GEOVÁ ALVES – Amazonbai’s mission is to reach all of the world’s markets and foment development in the Bailique territory. It aims to show everyone, especially the government, that–in order to fuel development–you don’t need to cut down the forest, you don’t need to destroy everything. And I’m absolutely sure that in one or two years, we’ll be able to prove it. When the state government itself sees the volume of resources that Amazonbai will mobilize in 2021, 2022, and so on, as well as the transformation that it will trigger in this territory, I’m sure that we’ll be able to prove that the standing forest is capable of generating far more wealth than the destroyed forest. And when I speak of wealth, I am referring to distributed wealth, wealth that doesn’t go to a single rancher or soybean farmer. In the case of Amazonbai, we are 141 partners, but we also have employees at the factory, we have the local technical team, the local workers. Over 1,000 families are directly benefited. Income is not accumulated in the hands of one person.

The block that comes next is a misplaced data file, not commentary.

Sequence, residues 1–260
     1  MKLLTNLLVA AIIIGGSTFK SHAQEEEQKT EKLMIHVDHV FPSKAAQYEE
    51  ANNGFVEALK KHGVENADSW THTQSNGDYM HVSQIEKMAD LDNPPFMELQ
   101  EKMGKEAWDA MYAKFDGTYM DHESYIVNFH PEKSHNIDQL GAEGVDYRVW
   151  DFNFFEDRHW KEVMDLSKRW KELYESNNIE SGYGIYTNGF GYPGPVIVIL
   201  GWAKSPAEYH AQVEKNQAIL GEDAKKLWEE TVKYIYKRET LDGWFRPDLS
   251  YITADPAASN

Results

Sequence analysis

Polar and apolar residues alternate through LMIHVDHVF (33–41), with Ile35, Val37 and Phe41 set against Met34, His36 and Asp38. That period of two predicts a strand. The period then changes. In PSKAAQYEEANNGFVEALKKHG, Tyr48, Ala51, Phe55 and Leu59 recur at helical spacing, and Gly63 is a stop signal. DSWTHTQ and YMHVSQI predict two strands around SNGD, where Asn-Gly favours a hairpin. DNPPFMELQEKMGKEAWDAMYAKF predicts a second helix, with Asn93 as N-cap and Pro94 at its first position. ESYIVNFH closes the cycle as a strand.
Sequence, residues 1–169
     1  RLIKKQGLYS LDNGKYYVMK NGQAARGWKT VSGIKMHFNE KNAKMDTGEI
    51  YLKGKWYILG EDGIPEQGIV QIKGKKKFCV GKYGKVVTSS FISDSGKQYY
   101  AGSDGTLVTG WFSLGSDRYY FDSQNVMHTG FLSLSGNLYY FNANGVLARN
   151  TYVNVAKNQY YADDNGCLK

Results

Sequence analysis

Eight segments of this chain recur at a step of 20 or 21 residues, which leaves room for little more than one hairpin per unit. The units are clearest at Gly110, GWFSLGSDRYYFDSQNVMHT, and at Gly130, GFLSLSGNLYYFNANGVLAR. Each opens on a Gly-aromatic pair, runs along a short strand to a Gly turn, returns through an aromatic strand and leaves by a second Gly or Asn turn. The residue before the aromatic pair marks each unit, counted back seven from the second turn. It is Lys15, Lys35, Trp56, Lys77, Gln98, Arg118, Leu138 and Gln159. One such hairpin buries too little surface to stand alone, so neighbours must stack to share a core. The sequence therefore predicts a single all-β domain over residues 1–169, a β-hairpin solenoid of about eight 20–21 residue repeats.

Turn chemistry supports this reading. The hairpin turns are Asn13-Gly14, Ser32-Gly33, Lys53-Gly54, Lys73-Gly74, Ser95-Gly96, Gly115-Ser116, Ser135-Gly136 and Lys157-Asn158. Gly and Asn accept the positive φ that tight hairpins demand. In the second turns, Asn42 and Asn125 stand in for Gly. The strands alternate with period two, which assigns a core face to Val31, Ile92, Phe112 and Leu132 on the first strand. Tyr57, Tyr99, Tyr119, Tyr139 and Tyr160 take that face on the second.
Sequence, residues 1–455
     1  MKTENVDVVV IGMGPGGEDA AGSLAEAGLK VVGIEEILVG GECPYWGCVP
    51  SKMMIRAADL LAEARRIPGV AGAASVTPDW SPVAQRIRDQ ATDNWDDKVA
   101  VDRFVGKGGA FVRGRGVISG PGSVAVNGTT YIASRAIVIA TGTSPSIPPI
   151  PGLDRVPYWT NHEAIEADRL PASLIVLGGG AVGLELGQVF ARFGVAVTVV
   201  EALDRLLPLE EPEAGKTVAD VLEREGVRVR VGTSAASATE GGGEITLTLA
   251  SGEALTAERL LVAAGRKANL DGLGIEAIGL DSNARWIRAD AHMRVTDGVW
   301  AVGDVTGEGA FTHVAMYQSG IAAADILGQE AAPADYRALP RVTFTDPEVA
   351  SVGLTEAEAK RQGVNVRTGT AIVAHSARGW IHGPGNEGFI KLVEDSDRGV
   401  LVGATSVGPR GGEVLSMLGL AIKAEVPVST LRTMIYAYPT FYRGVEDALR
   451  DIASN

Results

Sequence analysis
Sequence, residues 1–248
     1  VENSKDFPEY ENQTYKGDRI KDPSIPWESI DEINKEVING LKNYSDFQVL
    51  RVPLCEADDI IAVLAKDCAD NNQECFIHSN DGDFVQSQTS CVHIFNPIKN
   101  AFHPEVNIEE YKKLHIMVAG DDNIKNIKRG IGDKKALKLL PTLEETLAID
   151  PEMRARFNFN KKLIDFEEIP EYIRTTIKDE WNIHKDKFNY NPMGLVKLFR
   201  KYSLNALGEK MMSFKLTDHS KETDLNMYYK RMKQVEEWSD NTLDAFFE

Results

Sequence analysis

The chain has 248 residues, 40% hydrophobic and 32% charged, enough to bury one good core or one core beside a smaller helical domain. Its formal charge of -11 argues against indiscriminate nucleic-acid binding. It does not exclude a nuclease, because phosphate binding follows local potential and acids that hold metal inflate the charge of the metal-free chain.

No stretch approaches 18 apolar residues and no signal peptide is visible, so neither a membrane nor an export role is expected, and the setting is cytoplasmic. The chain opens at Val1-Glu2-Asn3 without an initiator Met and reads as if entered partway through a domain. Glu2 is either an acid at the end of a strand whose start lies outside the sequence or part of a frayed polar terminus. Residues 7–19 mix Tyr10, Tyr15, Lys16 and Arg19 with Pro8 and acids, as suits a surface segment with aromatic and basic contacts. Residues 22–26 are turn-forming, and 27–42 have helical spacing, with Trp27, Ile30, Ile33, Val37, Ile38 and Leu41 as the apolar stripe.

ESCOLHAS –  Last year, the three largest private banks in the country–Itaú, Bradesco, and Santander–released a document in which they commit to invest in the bioeconomy.  In your view, how can banks help community businesses in the Amazon obtain access to financing that today only serves to support livestock and soy cultivation?

GEOVÁ ALVES – Our challenge is bureaucracy. Banco do Brasil, Bradesco, Itaú and Caixa Econômica have funds that people cannot access. In addition to the documentation, the bank requires considerable collateral. The community, the traditional community member, is the best payer in the world. He doesn’t like to owe a penny, as long as the necessary conditions are created for him to do so.  The only thing that’s missing is the creation of suitable instruments. Traditional communities must be treated differently from companies, large ranchers, and the soy folks.